“I don’t see it as an identity crisis,” said Schoen, who also has a solo songwriting project and recently played with the Vamps. She said musicians simultaneously playing in numerous bands is simply symptomatic to Detroit.

Brandon added, “Our other things will pick up in a minute, it’s not like they have to stop so we can do (Hounds).” Indeed, The Decks performed through October and Schoen continues to write on her own (recently contributing to the Bellyache Records Sweet Sounds of Detroit Vol 2), while Lightning Love and the Juliets are both finishing recordings.

Live, there seem to be a trio of bonds – Freer and Lynch sit to one side, “smoking like chimneys” (thus, said Stollsteimer, being dubbed, ‘The Smoking Section’) while Schoen and Macdonald, having just met for this band, have bonded over their discreet and distinctive rhythm contributions, leaving the young but talented Collins with his intricate spindly style to add subtle but flavorful dressings to Stollsteimers dominant, charmed vocals.

Macdonald aptly described their gang-like dedication to music: “I’ve always thought that playing the song is the most important thing, not your part in the song.” Schoen and Stollsteimer agreed that there is a mutual respect that resonates to and from each member.

“I wanted to present (Hounds) as a regal kind of band,” Stollsteimer said, seeming to show a bit of wear wrought by years of crazy screaming amp-jumping days of Von Bondies’ high energy live shows. Another goal was efficiency and expediency.

As Schoen said, “I just like how quickly everything moves (with Hounds).” After one month together, the band played their first two shows, at the Magic Stick (for the Black Hollies) and The Blind Pig (for the Hard Lessons). In mid-September, they recorded a 7” (available at the upcoming show, 10/23) and in December they’ll do a small tour, with another 7” in the winter and a full length next year. Stollsteimer said he has never burned bridges from his years of touring, which helps on the national scale, but even on the local level – the current line-up, Schoen said, has “paid our dues.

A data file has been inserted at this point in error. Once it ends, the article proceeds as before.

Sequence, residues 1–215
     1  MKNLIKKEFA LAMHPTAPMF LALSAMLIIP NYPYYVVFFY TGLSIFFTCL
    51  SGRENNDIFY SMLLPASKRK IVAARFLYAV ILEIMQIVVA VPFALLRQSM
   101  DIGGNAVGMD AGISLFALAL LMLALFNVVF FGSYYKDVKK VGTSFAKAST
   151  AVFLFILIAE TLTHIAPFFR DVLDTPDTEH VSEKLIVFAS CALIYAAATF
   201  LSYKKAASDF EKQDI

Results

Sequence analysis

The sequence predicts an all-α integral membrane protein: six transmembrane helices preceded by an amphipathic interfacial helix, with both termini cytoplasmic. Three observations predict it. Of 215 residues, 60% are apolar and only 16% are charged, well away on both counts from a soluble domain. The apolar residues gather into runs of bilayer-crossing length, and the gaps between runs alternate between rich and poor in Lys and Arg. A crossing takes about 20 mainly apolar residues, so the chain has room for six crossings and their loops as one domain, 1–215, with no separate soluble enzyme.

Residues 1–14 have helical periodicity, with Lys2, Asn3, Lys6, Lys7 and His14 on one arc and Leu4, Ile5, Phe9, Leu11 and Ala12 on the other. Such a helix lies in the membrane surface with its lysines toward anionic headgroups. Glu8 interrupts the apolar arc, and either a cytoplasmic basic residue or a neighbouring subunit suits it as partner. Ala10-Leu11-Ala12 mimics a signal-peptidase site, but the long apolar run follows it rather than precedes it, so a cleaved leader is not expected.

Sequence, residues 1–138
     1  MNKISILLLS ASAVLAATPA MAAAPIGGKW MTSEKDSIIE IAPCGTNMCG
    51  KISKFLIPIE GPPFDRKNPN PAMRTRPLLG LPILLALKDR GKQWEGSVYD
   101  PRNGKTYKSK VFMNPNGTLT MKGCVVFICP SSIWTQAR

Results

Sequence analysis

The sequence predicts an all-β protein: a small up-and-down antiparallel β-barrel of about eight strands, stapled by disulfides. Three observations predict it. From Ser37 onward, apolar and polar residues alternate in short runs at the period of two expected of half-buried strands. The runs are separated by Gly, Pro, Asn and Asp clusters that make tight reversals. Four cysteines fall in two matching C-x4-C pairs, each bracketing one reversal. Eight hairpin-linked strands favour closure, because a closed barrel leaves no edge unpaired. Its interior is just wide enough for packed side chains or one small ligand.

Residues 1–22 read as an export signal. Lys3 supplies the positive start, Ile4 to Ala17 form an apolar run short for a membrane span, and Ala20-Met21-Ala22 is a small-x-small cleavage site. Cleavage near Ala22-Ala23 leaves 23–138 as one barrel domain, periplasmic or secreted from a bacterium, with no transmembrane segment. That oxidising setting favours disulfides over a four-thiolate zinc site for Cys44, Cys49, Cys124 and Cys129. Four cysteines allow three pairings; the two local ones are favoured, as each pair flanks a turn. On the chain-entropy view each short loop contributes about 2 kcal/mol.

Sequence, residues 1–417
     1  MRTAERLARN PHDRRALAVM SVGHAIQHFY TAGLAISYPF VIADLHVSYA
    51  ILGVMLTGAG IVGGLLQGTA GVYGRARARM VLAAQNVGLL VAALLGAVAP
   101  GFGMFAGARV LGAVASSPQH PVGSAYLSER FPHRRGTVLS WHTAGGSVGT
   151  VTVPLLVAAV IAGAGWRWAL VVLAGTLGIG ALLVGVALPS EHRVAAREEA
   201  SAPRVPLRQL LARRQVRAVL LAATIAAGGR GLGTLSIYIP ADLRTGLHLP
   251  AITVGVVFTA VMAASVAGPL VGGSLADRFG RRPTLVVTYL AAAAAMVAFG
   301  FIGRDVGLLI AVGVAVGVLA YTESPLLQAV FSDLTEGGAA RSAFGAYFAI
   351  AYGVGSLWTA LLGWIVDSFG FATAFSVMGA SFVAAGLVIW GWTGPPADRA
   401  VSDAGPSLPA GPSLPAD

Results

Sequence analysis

Their excitement is palpable, not only for the newness of the project, for the collaboration and for their emphasis on a more elegant style, but for the road ahead. And, “no one can judge us yet,” Stollsteimer said.

“Oh, they’ll judge us,” Schoen shook her head.

“But,” Stollsteimer answered, “there’s no preconceived ideas. Like, with Von Bondies everybody expects like, sloppy blues or pop-whatever. In (Hounds), I just try to write, kind of-messed up love songs, which are normally not at all about love.”

"I’ve always looked up to people like Otis Redding or Sam Cooke," Stollsteimer continues, "but I would never attempt it in the Von Bondies. But now, with the Hounds Below, musician-wise especially, I have a band that might be able to pull off some of it.”

With the talented handful of musicians, all songwriters and passionate players themselves, Stollsteimer said, that, now, “I don’t have to jump off an amp to win over an audience.”

10 / 23 - Magic Stick with The Raveonettes and the Black Angels